Astronomers and scientists are in constant search of life beyond Earth. And Arizona State University will be playing a key role in NASA’s latest mission to explore new worlds.
Three ASU scientists will be involved in investigating whether one of Jupiter’s icy moons, Europa, has conditions suitable for life.
NASA plans to launch the robotic mission to Europa in the 2020s after ASU scientists design and manufacture a thermal instrument intended to scour the frozen surface to detect hot spots.
Philip Christensen, Regents' Professor of geological sciences at ASU’s School of Earth and Space Exploration, will be the principal investigator for the instrument, which will be called “Europa Thermal Emission Imaging System,” or E-THEMIS. He will be joined by ASU professors Everett Shock and Mikhail Zolotov.
The trio will be responsible for designing, fabricating, assembling, testing, and calibrating the instrument. They will also be involved with mission operations and science data processing. Ball Aerospace will develop the electronics that will be integrated into the heat-seeking instrument.
NASA’s previous Galileo mission yielded strong evidence that Europa, about the size of Earth’s moon, has an ocean beneath a frozen crust of unknown thickness. This is a result of Galileo flybys from more than a decade ago, as well as and recent Hubble observations suggesting plumes of water shooting out from the moon.
This ocean could have more water than on Earth. And its energy and chemistry created by tidal heating could make Europa the best place in the solar system to look for present day life beyond Earth.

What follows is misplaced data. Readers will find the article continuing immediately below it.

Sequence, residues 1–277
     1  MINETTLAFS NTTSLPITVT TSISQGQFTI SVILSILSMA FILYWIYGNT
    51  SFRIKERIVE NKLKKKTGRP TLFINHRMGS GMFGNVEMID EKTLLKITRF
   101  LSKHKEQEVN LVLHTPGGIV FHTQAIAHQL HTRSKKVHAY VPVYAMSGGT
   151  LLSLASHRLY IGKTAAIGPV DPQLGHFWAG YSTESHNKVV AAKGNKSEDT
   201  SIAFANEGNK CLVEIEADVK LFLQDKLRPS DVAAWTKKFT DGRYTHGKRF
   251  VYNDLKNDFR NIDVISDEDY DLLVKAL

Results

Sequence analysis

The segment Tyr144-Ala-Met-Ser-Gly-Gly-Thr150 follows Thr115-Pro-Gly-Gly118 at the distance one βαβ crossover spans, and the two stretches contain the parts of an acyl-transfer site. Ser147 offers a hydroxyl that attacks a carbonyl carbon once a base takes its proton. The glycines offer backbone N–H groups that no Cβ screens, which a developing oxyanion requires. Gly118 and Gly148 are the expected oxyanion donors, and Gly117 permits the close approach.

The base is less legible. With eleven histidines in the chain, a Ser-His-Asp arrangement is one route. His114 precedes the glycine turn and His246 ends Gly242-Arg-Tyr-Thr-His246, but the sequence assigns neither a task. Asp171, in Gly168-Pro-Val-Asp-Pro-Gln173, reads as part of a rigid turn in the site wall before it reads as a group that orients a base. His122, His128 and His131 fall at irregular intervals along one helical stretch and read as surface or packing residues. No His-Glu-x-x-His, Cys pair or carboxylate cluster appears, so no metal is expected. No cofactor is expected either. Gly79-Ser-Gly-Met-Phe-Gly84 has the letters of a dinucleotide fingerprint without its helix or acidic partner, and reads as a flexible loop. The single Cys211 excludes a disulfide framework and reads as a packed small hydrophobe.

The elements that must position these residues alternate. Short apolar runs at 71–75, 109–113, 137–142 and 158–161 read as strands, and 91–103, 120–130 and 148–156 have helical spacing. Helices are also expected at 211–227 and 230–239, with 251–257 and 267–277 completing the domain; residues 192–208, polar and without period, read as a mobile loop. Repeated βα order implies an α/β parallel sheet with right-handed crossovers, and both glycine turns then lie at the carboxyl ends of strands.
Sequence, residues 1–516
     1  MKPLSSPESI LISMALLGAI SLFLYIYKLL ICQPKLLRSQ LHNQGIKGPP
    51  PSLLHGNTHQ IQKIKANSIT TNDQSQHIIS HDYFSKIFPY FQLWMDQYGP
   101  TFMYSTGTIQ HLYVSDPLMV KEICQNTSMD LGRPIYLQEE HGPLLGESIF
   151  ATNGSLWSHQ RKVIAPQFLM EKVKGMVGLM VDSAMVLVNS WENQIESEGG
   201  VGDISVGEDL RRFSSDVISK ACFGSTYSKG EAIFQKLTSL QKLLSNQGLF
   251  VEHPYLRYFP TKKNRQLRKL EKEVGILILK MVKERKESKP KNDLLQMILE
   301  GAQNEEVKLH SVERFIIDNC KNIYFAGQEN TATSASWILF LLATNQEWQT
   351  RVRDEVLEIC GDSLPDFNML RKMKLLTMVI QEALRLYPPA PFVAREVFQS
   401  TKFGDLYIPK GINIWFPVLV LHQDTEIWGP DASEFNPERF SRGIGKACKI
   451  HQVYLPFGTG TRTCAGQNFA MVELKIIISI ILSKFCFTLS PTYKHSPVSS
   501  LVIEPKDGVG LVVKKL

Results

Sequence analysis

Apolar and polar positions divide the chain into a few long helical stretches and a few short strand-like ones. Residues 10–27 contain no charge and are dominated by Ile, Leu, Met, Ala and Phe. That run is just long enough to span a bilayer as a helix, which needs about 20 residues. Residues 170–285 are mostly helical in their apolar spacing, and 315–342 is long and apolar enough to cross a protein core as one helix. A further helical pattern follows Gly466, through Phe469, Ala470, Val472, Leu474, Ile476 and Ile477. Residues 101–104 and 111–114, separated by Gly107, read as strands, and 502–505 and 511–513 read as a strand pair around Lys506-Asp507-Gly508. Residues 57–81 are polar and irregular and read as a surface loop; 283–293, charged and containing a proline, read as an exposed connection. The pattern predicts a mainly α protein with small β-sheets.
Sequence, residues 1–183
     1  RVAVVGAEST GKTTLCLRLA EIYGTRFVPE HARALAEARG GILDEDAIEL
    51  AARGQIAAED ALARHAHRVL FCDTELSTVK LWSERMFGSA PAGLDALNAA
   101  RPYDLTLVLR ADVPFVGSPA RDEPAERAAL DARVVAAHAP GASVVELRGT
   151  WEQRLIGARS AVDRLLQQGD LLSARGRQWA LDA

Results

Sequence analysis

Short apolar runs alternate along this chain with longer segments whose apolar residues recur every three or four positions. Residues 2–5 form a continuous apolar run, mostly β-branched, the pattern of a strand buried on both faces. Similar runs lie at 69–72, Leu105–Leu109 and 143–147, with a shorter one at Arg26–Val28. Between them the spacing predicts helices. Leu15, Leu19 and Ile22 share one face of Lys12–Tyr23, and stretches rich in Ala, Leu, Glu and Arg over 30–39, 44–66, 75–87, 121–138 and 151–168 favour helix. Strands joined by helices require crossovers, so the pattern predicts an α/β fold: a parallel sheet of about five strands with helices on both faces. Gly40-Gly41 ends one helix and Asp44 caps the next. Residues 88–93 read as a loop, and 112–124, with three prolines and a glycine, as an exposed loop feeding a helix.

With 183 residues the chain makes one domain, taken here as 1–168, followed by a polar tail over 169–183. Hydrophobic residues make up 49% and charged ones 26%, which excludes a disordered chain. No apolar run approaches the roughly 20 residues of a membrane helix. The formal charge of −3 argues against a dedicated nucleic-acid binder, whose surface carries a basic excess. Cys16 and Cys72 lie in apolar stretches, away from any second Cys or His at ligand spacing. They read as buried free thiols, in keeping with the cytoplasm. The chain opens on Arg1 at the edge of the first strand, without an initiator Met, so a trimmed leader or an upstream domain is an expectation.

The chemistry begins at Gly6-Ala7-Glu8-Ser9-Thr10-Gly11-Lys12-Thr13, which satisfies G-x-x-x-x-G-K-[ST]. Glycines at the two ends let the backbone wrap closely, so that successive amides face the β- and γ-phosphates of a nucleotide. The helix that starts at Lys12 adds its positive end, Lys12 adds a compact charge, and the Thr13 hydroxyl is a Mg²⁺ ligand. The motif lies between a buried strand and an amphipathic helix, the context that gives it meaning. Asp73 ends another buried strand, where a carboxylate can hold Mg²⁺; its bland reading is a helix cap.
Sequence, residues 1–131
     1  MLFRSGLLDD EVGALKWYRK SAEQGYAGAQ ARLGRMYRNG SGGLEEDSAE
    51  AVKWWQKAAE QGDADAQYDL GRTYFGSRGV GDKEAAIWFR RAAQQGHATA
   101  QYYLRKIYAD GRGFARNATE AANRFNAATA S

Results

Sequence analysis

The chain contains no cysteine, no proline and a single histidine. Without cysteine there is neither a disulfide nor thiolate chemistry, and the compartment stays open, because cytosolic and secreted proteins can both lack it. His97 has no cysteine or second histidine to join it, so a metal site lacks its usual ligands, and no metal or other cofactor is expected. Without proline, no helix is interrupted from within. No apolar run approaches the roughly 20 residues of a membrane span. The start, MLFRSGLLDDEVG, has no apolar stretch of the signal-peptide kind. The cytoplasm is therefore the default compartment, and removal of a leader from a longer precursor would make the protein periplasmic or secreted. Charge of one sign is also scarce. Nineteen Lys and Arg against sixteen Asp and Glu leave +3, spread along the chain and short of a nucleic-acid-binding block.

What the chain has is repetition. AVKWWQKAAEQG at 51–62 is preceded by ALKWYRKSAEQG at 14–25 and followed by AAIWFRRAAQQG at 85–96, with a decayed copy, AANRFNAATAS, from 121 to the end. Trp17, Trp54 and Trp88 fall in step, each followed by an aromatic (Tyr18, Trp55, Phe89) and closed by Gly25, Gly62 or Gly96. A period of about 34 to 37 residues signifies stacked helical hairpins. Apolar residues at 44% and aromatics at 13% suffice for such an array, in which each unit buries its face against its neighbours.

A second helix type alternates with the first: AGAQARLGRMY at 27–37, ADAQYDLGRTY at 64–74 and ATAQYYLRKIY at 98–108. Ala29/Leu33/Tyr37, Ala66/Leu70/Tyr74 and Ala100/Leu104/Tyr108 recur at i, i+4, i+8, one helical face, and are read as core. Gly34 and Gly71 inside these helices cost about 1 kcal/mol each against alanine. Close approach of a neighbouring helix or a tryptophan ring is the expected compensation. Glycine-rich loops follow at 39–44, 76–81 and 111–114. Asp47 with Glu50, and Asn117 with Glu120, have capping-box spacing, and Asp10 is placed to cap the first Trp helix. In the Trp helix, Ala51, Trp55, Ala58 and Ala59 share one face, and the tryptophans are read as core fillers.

As a result, NASA has requested $30 million in the fiscal year 2016 budget for a mission to send a solar-powered spacecraft into a long, looping orbit around the Jupiter to perform repeated close flybys of Europa over a three-year period. In total, the mission would perform 45 flybys at altitudes ranging from 16 miles to 1,700 miles.
The mission will comprise a payload of nine selected science instruments, including cameras and spectrometers to produce high-resolution images of Europa’s surface and determine its composition, and radar will determine the thickness of the moon’s icy shell and search for subsurface lakes similar to those beneath Antarctica.
"This is a terrific opportunity for ASU and (the School of Earth and Space Exploration)," Christensen said in an ASU news release.
“We anticipate lots of data, but the meaning of the data for the habitability of Europa will require additional experiments, calculations, and theoretical modeling, which are major strengths of the combination of geochemistry, biochemistry, and planetary science in (the School of Earth and Space Exploration) and at ASU,” Shock said in the news release.
The thermal emission imaging system developed ASU already has a track record in space. In June, an ASU camera will have completed 60,000 orbits of Mars, as part of the NASA Mars Odyssey orbiter that has been in space for 14 years. During this time, the ASU camera will have taken nearly 400,000 images.
This original device, also designed by Christensen, has achieved a longer run of observations than any previous instrument involving Mars.
“(It) continues a tradition of ASU instruments working at Mars. This began almost 20 years ago, with our Thermal Emission Spectrometer (TES), which flew on NASA's Mars Global Surveyor, operating from 1996 to 2006,” Christensen said.
The involvement in the NASA space missions is a reflection of Arizona’s strong aerospace and defense sector, which is one of the largest in the U.S., with more than 52,000 employees and contributes $38 billion to the state economy. TechAmerica’s 2015 Cyberstates Report shows the space and defense systems in Arizona directly employed nearly 12,000 people in 2014. Four major research institutions in Arizona have received a NASA Space Grant: ASU, Embry-Riddle Aeronautical University (home of the nation's highest-ranked aerospace engineering program among non-doctoral program schools), Northern Arizona University and The University of Arizona.
Photo Credit: ASU